ASPIRE is a quarterly magazine published by PCI in cooperation with the associations of the National Concrete Bridge Council. The editorial content focuses on the latest technology and key issues in the Concrete Bridge Industry.

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Page 47 of 63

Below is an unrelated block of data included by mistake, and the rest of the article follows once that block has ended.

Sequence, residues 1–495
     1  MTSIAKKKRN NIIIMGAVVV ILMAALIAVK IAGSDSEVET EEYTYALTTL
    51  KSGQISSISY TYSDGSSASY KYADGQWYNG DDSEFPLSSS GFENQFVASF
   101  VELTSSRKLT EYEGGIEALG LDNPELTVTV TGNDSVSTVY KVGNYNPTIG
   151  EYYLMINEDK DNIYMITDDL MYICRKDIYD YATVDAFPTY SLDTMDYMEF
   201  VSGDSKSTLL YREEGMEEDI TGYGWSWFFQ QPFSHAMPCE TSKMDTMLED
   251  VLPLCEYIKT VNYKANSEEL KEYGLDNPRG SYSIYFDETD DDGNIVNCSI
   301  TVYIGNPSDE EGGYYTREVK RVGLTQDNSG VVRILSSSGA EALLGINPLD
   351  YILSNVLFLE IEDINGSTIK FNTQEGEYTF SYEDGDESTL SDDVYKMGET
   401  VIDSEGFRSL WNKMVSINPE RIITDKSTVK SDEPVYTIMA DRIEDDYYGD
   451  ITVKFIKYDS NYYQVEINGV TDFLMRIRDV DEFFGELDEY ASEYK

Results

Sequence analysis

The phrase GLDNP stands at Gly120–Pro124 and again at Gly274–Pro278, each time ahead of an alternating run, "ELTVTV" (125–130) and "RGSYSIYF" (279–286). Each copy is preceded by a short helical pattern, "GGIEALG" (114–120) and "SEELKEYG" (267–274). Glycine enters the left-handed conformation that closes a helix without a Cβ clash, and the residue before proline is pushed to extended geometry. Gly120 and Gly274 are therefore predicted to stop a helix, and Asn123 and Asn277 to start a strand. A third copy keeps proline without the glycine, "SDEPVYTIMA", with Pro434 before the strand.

The map shows the approximate current implementation of PBES by the states. Graphic: Federal Highway Administration. 46 | ASPIRE , Summer 2011 F H WA F H WA I n Part 1 of this article, published in the Spring 2011 issue of ASPIRE,™ we described the FHWA's Every Day Counts (EDC) initiative. Many EDC events have taken place since the initiative was introduced. Ten regional EDC Innovative Summits were completed with 45 states electing to pursue prefabricated bridge elements and systems (PBES) technology in bridge construction, and four PBES online seminars were conducted. The seminars consist of 14 modules covering all aspects of PBES. The concrete industry efforts and capabilities to support PBES deployment were presented by Susan Lane from the Portland Cement Association and Randy Cox from the American Segmental Bridge Institute. The Civil and Environmental Engineering Department of the Florida International University has established a National Center for Accelerated Bridge Construction to support EDC through education, case studies, and training. Current state of PBEs Concrete technology With PBES concepts, many time-consuming construction tasks are not done sequentially i n s i d e w o r k z o n e s . C o m p o n e n t s c a n b e manufactured off the bridge alignment to reduce on-site construction time relative to conventional practice. An old bridge can be demolished while the new bridge elements are built at the same time, off site, under controlled conditions, then brought to the jobsite to install. This form of accelerated bridge construction (ABC) benefits budget-challenged federal, state, and local transportation agencies, by: • Reducing on-site construction time • Reducing traffic and environmental impacts • Improving work zone and worker safety • Lowering initial and life-cycle costs • I m p r o v i n g c o n s t r u c t a b i l i t y a n d product quality (controlled production environments and curing procedures; convenient, safer access to assembly processes, etc.) Primary Concrete PBEs Prefabricated concrete elements and system assemblies may be effectively used in both superstructures and substructures. For use in superstructures, components include partial- and full-depth precast concrete deck panels, concrete beams with a broad range of shapes and sizes, and composite girders. Superstructure systems and assemblies include large segments of a superstructure, or even an entire superstructure. For use in substructures and foundations, individual components include piles, pile caps, footings, columns, pier caps, abutment wall panels, wing walls, and precast concrete roadway approach slabs. A systems approach would combine many of these components into a total prefabricated structure. With the use of high-capacity, self-propelled modular transporters (SPMTs), an entire bridge may be prefabricated adjacent to or off the bridge site, and then moved into final position. At the Regional EDC Innovation Summits held across the country, many states indicated that they have used one or more of these concrete elements and systems successfully to accelerate construction, reduce disruption to traffic, improve quality and work zone safety, and save costs. The following two examples illustrate PBES concrete systems. NE 8th street Bridge NE 8th Street is the main east-west arterial for Bellevue, Wash., and the primary access route between I-405 and the city's downtown business district. To provide room for a new set of high occupancy vehicle direct connector ramps on I-405, the existing NE 8th Street Bridge over I-405 had to be replaced without causing significant disruption to traffic on either roadway. PBES met the challenge. T h e W a s h i n g t o n D e p a r t m e n t o f Transpor tation (WSDOT) chose a totally prefabricated design that allowed it to stage the bridge alongside the existing bridge, and then move it into place. The south half of the new bridge was constructed in a temporary location south of the old bridge. Eastbound traffic was shifted onto the new portion and westbound traffic onto the south half of the old bridge while the north half of the old bridge was removed and rebuilt. Next, westbound traffic was shifted onto the new north half, and the old south portion was demolished. Finally, the new south half was jacked off its temporary piers and rolled into place. The contractor moved the 2200-ton concrete structure in about 12 hours into its permanent position. The final bridge is 328 ft long and 121 ft wide. PBES techniques allowed WSDOT to avoid taking the bridge out of commission EvEry dAy CouNts: the FHWA technology deployment initiative by Claude Napier, Lou Triandafilou, and M. Myint Lwin, Federal Highway Administration Part two—implementation of Prefabricated Concrete Bridge Elements and systems Book_Sum11.indb 46 7/1/11 10:00 AM

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